Lyme disease is one of the most rapidly emerging infectious diseases in North America and Europe. In 2009, nearly 30,000 confirmed and more than 8,500 probable cases of Lyme disease were reported to the CDC in the United States alone. Named after a small Connecticut town, Lyme disease is transmitted to humans by the bite of ticks infected with the bacterium Borrelia burgdorferi. This multi-system infection typically occurs in stages with different clinical manifestations at each stage. While it can be treated effectively with antibiotics, in some cases recovery may be incomplete - although there is no evidence that any of these post-Lyme disease syndromes respond to further courses of antibiotic therapy.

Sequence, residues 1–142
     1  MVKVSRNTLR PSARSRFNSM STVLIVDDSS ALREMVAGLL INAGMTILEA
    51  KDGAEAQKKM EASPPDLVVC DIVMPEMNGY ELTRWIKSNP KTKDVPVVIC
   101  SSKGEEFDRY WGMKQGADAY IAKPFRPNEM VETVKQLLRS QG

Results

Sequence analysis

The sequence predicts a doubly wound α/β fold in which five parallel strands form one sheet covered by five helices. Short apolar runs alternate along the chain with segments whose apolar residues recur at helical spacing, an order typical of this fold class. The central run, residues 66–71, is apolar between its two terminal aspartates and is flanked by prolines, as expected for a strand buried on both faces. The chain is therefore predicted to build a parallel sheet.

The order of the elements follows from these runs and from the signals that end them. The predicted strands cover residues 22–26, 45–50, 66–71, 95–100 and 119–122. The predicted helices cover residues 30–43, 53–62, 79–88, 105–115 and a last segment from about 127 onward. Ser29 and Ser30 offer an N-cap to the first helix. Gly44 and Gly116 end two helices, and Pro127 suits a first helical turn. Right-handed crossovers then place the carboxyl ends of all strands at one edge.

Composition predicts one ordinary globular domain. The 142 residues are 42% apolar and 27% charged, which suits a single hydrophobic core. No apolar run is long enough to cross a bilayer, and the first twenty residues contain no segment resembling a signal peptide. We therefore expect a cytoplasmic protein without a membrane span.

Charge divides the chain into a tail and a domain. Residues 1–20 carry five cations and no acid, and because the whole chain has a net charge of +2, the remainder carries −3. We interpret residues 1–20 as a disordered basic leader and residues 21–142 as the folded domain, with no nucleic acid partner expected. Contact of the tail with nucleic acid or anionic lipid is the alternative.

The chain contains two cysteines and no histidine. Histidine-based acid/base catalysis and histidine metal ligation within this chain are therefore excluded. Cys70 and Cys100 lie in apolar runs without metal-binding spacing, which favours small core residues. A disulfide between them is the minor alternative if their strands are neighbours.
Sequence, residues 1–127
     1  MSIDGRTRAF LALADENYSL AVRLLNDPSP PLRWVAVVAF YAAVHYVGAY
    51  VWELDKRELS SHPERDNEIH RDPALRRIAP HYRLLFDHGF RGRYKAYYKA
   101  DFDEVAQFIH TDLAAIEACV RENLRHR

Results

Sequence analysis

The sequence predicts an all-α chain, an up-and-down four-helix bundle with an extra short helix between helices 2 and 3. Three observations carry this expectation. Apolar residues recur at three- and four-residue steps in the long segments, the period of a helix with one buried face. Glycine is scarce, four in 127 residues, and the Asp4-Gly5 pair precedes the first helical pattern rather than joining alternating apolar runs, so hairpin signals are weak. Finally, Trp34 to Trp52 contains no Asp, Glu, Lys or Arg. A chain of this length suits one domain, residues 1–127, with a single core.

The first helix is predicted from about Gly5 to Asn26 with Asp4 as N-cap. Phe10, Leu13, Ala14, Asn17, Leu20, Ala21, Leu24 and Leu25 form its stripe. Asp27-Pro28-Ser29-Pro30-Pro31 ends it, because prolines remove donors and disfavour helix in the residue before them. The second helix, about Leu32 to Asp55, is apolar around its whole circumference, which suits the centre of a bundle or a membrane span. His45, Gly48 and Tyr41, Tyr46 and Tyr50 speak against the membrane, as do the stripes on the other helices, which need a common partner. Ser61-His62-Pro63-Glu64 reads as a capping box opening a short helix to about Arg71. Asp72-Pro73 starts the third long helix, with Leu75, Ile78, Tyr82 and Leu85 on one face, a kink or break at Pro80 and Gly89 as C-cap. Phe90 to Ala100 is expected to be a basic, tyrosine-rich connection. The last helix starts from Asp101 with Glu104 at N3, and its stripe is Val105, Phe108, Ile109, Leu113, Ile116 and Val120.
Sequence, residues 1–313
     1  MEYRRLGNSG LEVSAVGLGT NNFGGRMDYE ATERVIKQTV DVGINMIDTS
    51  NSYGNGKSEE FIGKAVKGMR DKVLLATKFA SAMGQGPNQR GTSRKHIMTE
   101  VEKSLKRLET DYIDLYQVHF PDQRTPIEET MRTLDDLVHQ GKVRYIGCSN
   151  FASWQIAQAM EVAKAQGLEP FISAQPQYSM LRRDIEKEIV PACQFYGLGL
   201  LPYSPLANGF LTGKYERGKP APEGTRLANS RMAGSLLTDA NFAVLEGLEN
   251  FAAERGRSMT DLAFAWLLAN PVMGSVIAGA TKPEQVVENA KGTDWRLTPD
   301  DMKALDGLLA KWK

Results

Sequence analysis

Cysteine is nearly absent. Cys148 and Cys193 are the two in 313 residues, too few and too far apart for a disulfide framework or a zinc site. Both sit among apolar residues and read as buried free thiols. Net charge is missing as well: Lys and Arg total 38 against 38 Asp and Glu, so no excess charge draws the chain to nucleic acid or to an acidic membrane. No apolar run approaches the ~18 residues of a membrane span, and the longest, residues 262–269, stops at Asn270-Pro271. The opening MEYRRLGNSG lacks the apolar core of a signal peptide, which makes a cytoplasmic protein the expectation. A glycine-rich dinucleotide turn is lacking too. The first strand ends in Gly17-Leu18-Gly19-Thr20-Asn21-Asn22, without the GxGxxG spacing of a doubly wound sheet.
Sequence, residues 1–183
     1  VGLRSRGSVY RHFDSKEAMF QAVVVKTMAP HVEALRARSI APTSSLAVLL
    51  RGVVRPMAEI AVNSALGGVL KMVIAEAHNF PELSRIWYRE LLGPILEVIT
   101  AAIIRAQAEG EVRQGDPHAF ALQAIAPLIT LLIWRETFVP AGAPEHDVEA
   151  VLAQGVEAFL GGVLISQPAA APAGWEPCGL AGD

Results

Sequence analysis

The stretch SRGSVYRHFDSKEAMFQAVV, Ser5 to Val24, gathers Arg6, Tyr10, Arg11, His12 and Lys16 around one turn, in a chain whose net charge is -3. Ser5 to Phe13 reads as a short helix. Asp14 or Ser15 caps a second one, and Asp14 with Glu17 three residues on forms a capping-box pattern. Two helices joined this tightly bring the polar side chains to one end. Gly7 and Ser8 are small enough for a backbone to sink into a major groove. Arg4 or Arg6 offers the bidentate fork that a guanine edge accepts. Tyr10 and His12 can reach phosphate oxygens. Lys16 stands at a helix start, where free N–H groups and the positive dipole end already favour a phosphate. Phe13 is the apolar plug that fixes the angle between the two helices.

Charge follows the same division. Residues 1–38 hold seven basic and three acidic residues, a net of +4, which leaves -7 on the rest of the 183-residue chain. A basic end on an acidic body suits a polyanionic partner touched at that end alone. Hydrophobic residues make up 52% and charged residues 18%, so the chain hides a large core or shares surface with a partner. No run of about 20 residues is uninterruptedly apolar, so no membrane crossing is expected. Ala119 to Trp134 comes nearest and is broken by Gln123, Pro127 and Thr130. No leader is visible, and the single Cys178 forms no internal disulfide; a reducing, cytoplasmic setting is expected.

Dr. Allen Steere, the renowned discoverer of Lyme disease, joins an esteemed panel of speakers for CDC's Public Health Grand Rounds to explore the clinical manifestations and treatment of Lyme disease, innovations in laboratory testing, prevention strategies, and national trends of disease emergence. The session gives a rare glimpse into the front lines of those battling and treating Lyme disease while addressing the data gaps, unmet needs, and overall challenges and opportunities for its prevention and control.
This is Part 2 of a lecture in three parts.
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